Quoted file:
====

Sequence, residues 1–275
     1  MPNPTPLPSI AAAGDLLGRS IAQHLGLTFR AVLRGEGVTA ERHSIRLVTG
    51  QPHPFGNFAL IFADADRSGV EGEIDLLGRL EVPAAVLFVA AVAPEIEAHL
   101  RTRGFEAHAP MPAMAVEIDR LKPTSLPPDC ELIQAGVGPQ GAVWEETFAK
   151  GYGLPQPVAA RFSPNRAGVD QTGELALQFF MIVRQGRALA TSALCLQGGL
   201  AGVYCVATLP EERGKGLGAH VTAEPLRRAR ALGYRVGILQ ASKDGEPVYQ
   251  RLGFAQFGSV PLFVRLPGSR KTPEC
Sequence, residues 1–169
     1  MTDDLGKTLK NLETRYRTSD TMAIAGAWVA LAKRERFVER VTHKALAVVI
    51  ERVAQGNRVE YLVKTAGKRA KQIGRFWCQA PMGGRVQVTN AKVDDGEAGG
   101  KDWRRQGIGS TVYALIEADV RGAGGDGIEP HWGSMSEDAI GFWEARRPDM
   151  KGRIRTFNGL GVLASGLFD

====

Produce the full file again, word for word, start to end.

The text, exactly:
Sequence, residues 1–275
     1  MPNPTPLPSI AAAGDLLGRS IAQHLGLTFR AVLRGEGVTA ERHSIRLVTG
    51  QPHPFGNFAL IFADADRSGV EGEIDLLGRL EVPAAVLFVA AVAPEIEAHL
   101  RTRGFEAHAP MPAMAVEIDR LKPTSLPPDC ELIQAGVGPQ GAVWEETFAK
   151  GYGLPQPVAA RFSPNRAGVD QTGELALQFF MIVRQGRALA TSALCLQGGL
   201  AGVYCVATLP EERGKGLGAH VTAEPLRRAR ALGYRVGILQ ASKDGEPVYQ
   251  RLGFAQFGSV PLFVRLPGSR KTPEC
Sequence, residues 1–169
     1  MTDDLGKTLK NLETRYRTSD TMAIAGAWVA LAKRERFVER VTHKALAVVI
    51  ERVAQGNRVE YLVKTAGKRA KQIGRFWCQA PMGGRVQVTN AKVDDGEAGG
   101  KDWRRQGIGS TVYALIEADV RGAGGDGIEP HWGSMSEDAI GFWEARRPDM
   151  KGRIRTFNGL GVLASGLFD